Hardii (Hybrid of R. persica) Yellow with a bold red eye. A rarity, best grown under glass with anti-mildew precautions. It is unique and beautiful, having single flowers, quite large, produced for a long period in summer. About half average height. Raised by Hardy (France) 1836.

Kiftsgate (R. filipes Kiftsgate) Creamy white. A mighty climber, used for scrambling into trees. Single flowers after midsummer, very fragrant and profuse in enormous clusters. Handsome foliage. Can grow 30 ft. easily. Found in Gloucestershire (it is a sport from the Chinese species, R. fihpes) and introduced 1954.

Longicuspis White. A vigorous climber, with large clusters of fragrant single flowers after mid-summer; has particularly handsome shiny leaves. Used for growing through trees, or on spacious pergolas. Can easily grow 20 ft. Introduced from China before 1915.

Mirffica (R. stellata mirifica) Bright pink. A rare and interesting rose, whose leaves are like those of gooseberries; the flowers are single, with bright stamens, appearing intermittently for a long period in summer. Likes a hot sunny spot. Below half average height. Introduced from New Mexico 1916,

Moyesii Geranium Crimson. The moyesii crimson has its own distinct character. The flowers are single, with effective light stamens. Blooms in summer only, but that is only half the story, because long seed-pods of gorgeous red hang like lanterns on the plants in the autumn. Above average height. A form of moyesii found by The Royal Horticultural Society 1938. Moyesii itself is a Chinese species.

Multibracteata Pink. Very small, single flowers in summer only. The leaves are subdivided into tiny leaflets, and are a regular work of art in themselves. It is quite a big shrub, hung with a cloud of fairy scale foliage and bloom. Average height. Introduced from China 1910.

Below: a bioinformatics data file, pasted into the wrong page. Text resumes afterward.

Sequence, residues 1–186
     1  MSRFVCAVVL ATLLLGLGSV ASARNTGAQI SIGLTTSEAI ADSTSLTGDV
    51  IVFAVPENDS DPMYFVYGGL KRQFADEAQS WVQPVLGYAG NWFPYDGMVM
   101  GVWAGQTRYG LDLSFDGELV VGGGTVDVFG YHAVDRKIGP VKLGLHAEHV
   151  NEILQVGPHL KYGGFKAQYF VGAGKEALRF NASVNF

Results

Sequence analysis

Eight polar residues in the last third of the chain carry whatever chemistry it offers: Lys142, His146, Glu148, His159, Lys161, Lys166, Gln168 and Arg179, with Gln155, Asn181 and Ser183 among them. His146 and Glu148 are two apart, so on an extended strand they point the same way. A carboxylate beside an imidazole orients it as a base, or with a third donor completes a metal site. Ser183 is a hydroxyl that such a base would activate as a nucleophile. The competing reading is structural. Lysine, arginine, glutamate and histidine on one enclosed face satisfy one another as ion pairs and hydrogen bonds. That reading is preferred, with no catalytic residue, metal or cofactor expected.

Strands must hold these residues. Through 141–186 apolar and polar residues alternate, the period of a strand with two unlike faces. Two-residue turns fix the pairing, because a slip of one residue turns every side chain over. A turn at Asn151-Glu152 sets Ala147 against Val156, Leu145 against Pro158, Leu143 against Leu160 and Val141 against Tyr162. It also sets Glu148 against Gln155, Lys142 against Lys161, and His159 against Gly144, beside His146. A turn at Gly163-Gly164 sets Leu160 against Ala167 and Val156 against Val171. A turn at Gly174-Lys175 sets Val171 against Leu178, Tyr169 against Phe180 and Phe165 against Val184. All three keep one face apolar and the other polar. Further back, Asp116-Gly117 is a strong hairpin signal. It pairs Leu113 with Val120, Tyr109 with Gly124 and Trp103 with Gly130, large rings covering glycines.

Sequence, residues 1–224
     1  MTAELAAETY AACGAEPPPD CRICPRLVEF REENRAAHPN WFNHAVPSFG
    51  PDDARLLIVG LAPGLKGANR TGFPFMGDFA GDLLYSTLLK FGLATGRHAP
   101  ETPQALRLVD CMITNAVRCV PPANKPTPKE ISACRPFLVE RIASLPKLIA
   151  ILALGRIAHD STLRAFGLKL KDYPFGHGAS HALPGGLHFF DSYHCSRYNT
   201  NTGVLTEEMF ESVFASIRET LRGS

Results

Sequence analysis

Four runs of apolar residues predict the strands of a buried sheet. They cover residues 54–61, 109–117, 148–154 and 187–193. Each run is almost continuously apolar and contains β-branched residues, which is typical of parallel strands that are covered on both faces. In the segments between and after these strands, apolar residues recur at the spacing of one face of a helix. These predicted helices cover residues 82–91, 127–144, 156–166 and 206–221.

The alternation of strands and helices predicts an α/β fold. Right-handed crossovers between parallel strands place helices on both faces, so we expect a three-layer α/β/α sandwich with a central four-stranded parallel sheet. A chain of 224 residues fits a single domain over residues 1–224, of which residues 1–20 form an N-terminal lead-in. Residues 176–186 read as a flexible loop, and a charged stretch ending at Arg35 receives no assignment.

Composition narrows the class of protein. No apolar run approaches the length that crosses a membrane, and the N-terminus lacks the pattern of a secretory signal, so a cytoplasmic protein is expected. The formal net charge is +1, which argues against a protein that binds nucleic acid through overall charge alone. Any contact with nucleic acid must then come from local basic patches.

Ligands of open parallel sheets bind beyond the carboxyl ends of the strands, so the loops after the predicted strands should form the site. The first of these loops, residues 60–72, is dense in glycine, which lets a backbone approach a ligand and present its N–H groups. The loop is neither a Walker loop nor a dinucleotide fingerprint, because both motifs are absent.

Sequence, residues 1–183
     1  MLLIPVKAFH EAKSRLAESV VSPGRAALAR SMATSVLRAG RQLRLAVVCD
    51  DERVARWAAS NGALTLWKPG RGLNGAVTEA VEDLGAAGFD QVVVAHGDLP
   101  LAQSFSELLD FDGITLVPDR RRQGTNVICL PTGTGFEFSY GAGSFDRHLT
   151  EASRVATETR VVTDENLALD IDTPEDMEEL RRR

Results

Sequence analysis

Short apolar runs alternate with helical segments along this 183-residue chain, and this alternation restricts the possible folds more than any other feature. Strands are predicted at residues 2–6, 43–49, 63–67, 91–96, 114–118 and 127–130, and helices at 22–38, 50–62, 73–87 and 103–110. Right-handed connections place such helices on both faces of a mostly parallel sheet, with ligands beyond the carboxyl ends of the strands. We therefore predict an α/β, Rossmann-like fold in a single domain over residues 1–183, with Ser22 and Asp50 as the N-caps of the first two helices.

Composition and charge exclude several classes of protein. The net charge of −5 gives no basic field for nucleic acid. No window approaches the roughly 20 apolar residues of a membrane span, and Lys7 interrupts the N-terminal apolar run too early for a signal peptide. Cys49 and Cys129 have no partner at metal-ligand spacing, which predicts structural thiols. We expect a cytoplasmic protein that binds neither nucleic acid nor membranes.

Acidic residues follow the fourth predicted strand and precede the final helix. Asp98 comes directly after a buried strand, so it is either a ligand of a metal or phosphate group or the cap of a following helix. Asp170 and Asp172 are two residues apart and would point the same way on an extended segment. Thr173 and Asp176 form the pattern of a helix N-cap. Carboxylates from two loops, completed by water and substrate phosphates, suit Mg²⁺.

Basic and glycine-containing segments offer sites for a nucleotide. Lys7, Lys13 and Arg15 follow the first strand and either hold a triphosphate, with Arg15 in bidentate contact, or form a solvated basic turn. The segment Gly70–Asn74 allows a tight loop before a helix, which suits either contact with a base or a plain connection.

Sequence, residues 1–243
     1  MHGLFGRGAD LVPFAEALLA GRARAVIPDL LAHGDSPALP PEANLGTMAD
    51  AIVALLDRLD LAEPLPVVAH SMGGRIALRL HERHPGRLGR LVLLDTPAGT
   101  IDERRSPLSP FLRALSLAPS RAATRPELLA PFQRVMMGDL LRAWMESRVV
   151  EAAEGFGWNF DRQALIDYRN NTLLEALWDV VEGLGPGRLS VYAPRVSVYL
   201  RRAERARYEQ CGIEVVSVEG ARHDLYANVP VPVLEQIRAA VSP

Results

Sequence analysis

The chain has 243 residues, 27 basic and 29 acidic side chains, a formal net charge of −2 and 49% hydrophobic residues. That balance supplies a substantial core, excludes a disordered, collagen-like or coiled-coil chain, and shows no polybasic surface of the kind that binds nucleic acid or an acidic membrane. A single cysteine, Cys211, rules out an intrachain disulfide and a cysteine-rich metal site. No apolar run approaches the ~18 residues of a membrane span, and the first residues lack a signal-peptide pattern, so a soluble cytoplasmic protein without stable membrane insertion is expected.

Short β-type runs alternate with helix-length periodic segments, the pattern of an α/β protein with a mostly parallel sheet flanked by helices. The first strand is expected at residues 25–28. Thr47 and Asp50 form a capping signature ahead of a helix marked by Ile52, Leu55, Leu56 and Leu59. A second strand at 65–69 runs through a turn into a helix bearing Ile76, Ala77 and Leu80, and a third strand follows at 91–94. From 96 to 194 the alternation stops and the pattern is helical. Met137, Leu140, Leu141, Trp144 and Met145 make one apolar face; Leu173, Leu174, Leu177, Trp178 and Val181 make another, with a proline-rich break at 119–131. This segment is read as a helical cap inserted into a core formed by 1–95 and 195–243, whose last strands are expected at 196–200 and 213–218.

Mutabilis (R. chinensis mutabilis) Quickly changing its colours from buff yellow to pink to salmon red to crimson. A rare plant, not perfectly hardy, with large single flowers produced early summer to late autumn. Half average height, unless you are lucky. Origin doubtful; came from China, who knows when?

Paulii Rosea Silky pink. Large single blooms, fragrant and very beautiful, in summer only. The habit of growth is to trail several feet along the ground in all directions, the plant itself 3 ft. or less high. Therefore advocated for ground cover, but is so prickly that weeding will be painful. Sport from paulii, which is white, and a rugosa hybrid.

Roseraie de L’Hay Purple red. A blatant nobility guides this outrageous colour into favour. The touch of purple is royal, on strong plants with thick bright green leaves, and in flowers which are fairly full, with the petals worn carelessly. Fragrant; flowers freely in summer and repeats generously. Makes a splendid hedge. Average height. Raised by Cochet-Cochet (France) 1901.

Rubrifolia Pink. The flowers are small and fleeting; the foliage is the joy — soft grey with a sheen of reddish purple over it. The smooth stems are purplish when young, maturing red brown. Generous supply of round red seedpods in autumn. A lovely garden plant. Average height. Introduced from central Europe, long ago.

Rugosa Alba White. Single white flowers, fairly large, fragrant, and suitable as purity’s emblem. Blooms summer, and repeats later. Orange-red seedpods, thick rugosa foliage. Below average height. A sport from R. rugosa, which is a Japanese species; origin uncertain.

Rugosa Scabrosa Mauve pink. Very large single blooms, the colour fortified by dusty yellow stamens. Blooms early summer to autumn, commendably continuous. Bright red seedpods, round and big; thick rugosa foliage. Average height or less. Origin obscure, but close to R. rugosa. Sericea Pteracantha (Name recently changed from R. omeiensis pteracantha) White. The flowers are small and fleeting. This is grown for its extraordinary thorns, whose juncture with the stem can be an inch long; on the young growths, they are red and translucent. They narrow to an extremely sharp point. Average height or a bit more. Introduced from China 1890. Viridiflora (R. chinensis viridiflora) Green. A sterile oddity, in which the flower parts are imperfectly modified leaves. Quite a small plant, blooming (if that is the right word) summer and autumn. Less than half average height. Raised by Bambridge and Harrison (England) 1855.